Advancing the Collection and Use of Patient-Reported Outcomes Through Health Information Technology (Maryland)

Project Final Report (PDF, 1.64 MB)

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Advancing the Collection and Use of Patient-Reported Outcomes through Health Information Technology - Final Report

Citation:
MedStar. Advancing the Collection and Use of Patient-Reported Outcomes through Health Information Technology - Final Report. Prepared under Contract No. 233-2015-00022I-4. AHRQ Publication No. 20-0044. Rockville, MD: Agency for Healthcare Research and Quality; June 2020. (PDF, 1.64 MB)
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The coordination of human and technical processes using a systems approach is crucial to ensure the successful use of PRO data.

Project Details - Ended

Summary:

The patient’s perspective is central to healthcare decisions around prevention, diagnosis, treatment, and long-term care. Patient-reported outcomes (PROs) critically inform patient-centered outcomes research and support clinical management of individuals, shared decision making, patient self-management support, goal setting, and goal attainment. Standardized collection of PROs through patient electronic assessment and subsequent integration into electronic health records (EHRs) has the potential to improve system-wide comparisons of health outcomes, population health monitoring, and new opportunities to evaluate the effectiveness of alternative interventions and treatments. Despite their importance to patient care, PROs are not collected routinely. One promising solution to increasing use of PROs may be via mobile applications (apps) developed with standards, which could allow for smoother integration of that data into EHRs or other health information technology (IT) systems. This research, led by MedStar Health, supported the development of electronic applications that enable the collection of diverse PRO measures in a standardized manner across health providers and systems to enable broader data sharing for clinical care and research. In addition, the team pilot tested the winning app of the Agency for Healthcare Research and Quality’s (AHRQ's) 2018 Step Up App Challenge competition, the PRISM (PROMIS Reporting and Insight System from Minnesota) app. This app allows patients to complete PROMIS physical function measures and other PROMIS measures. PROMIS measures are a set of person-centered measures that evaluate and monitor physical, mental, and social health. Finally, the researchers modified an existing app by incorporating Fast Healthcare Interoperability Resources (FHIR) technical specifications and pilot tested the modified app to collect and integrate standardized PRO physical function data into different EHRs. The modified app and the PRISM app were pilot tested in a total of 18 primary and specialty care practices across MedStar and Capital Area Primary Care Research Network (CAPRICORN), with 10 patients targeted to enroll and use the app at each site. Participating sites were of various size, geographic locations, with varied workflows, and using three different EHRs.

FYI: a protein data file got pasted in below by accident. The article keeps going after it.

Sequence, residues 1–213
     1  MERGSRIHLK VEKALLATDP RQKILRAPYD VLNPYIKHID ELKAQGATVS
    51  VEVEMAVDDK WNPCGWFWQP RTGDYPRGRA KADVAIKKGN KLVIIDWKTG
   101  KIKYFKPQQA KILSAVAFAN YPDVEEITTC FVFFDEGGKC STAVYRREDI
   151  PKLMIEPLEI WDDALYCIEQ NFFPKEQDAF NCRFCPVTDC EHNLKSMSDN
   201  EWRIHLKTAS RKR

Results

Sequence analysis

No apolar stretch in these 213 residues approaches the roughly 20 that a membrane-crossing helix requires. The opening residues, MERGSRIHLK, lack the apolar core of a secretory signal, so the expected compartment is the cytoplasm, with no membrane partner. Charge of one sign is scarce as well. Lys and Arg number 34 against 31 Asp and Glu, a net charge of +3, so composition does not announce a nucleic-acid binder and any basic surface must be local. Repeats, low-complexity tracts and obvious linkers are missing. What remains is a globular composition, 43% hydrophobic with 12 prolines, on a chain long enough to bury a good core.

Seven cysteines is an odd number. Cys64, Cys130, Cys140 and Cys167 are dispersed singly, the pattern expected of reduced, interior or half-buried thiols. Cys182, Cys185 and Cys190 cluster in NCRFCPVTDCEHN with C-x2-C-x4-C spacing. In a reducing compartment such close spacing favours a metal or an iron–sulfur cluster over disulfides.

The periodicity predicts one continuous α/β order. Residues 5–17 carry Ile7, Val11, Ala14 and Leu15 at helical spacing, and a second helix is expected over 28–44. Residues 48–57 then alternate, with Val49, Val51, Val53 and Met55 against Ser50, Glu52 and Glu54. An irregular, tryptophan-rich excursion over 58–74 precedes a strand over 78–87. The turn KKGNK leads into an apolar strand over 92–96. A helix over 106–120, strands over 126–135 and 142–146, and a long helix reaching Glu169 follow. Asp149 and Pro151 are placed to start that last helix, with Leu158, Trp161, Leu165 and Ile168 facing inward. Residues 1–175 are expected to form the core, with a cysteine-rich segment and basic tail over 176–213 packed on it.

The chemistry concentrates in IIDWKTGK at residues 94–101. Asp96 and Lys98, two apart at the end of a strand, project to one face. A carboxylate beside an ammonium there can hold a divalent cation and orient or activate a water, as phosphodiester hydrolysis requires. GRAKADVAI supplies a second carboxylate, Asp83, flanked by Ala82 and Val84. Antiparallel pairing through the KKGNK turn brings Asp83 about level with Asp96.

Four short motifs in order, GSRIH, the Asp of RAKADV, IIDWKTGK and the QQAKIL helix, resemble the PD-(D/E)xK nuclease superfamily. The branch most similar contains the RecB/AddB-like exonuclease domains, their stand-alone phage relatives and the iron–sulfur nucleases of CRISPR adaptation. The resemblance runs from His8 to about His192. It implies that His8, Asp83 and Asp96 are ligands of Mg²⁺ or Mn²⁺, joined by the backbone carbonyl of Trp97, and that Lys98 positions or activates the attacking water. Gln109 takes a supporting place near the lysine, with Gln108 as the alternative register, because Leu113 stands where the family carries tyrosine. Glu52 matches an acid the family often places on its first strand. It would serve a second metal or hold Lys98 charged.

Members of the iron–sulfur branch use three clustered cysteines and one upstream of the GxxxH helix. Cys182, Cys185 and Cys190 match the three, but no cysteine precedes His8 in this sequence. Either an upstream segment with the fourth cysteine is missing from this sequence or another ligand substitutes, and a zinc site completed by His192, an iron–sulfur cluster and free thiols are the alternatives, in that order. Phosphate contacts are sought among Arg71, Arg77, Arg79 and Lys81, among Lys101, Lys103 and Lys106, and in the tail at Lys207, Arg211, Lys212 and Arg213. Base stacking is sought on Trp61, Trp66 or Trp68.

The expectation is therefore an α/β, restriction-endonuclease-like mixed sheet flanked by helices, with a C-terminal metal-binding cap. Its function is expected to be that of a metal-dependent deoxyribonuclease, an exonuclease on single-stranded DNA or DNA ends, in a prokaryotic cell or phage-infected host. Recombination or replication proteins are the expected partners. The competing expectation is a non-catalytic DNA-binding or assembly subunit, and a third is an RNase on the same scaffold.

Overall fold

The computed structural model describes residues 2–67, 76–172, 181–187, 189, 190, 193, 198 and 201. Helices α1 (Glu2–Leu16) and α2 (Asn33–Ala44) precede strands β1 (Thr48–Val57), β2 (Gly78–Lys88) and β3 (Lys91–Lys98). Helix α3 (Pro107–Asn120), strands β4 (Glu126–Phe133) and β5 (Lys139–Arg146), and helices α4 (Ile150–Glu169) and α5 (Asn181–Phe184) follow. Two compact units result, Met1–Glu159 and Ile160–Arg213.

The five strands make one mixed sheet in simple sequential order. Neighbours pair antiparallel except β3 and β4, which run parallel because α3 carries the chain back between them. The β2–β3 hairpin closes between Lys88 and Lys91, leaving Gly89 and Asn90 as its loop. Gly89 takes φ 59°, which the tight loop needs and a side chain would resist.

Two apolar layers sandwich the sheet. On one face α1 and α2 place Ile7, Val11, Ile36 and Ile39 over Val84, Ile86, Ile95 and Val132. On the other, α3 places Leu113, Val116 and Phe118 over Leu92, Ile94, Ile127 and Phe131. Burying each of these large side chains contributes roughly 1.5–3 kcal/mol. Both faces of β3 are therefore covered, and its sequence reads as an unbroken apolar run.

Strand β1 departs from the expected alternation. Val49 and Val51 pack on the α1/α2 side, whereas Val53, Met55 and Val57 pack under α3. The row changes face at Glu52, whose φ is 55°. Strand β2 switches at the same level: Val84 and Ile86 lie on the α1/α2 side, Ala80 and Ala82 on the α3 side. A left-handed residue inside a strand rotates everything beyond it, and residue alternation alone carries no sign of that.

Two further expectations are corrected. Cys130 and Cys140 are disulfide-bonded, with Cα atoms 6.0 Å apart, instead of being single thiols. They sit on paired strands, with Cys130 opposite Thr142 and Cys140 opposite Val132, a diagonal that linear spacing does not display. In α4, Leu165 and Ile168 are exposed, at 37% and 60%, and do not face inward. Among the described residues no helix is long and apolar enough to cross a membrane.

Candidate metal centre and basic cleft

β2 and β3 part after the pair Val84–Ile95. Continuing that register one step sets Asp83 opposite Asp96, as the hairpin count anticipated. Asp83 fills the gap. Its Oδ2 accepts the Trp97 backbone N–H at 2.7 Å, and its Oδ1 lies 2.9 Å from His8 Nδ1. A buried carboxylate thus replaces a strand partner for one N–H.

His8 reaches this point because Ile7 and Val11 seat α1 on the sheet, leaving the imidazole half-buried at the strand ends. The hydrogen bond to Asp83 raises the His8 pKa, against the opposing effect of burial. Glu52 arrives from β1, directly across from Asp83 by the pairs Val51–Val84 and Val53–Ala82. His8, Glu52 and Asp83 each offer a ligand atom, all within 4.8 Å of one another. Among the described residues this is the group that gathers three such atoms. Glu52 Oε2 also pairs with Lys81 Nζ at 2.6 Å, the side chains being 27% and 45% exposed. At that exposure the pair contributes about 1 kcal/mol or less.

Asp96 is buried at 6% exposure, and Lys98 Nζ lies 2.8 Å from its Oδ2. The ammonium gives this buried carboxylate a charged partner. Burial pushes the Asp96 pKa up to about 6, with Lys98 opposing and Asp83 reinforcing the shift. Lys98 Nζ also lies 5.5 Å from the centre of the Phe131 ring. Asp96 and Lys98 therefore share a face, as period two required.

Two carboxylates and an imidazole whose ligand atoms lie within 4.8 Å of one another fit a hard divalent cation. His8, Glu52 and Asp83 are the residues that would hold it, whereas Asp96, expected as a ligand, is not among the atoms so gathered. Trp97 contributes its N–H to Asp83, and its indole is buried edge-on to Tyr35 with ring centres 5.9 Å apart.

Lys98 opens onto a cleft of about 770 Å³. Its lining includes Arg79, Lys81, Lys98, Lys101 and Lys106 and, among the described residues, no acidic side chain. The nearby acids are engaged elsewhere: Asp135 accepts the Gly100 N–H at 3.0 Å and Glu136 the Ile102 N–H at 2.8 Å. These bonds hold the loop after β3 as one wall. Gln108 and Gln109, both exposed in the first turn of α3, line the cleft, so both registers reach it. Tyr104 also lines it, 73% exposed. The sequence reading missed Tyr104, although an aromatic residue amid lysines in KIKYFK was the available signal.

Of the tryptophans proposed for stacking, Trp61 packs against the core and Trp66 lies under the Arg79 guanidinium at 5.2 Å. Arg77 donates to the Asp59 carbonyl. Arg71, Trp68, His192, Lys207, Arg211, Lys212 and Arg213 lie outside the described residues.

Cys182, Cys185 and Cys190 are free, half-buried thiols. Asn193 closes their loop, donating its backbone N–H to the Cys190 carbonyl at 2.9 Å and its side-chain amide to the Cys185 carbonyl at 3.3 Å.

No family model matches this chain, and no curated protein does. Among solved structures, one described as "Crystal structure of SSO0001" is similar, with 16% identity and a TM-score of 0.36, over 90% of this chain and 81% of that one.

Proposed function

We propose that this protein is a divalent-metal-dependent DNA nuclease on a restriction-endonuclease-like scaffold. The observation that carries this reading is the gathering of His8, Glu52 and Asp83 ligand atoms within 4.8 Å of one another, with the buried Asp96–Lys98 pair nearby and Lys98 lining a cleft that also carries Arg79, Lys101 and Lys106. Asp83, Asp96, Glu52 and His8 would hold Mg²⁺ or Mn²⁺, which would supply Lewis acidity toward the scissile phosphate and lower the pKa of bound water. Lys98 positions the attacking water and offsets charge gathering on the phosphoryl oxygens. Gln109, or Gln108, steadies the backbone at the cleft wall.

The specific aims of the research were as follows:

  • Collect and report stakeholder input regarding the functionality and usability requirements for the development of user-friendly applications that collect standardized PRO data and factors affecting their implementation. 
  • Design and execute a plan for pilot testing the winning app from AHRQ's Step Up Challenge competition in a mix of ambulatory care settings. 
  • Modify an existing PRO data collection app by incorporating FHIR technical specifications and pilot test the modified app in a mix of ambulatory care settings. 

The project revealed several lessons learned: 1) mobile apps are amenable for patients taking surveys, 2) technical assistance or additional staffing is a critical factor to ensure adoption for many practices, 3) no amount of planning can replace testing in the ‘real world’ -- which is critical to successful local implementation, 4) an abstraction layer between the app and the EHR is critical to the success of integrating PRO data into the EHR, and 5) institutional policies impact success.

This project was an important step toward testing the application of FHIR technical specifications in PRO data collection and integration. The findings showed various factors critical to the successful adoption, potential scaling, and sustained use of this technology in ambulatory care settings.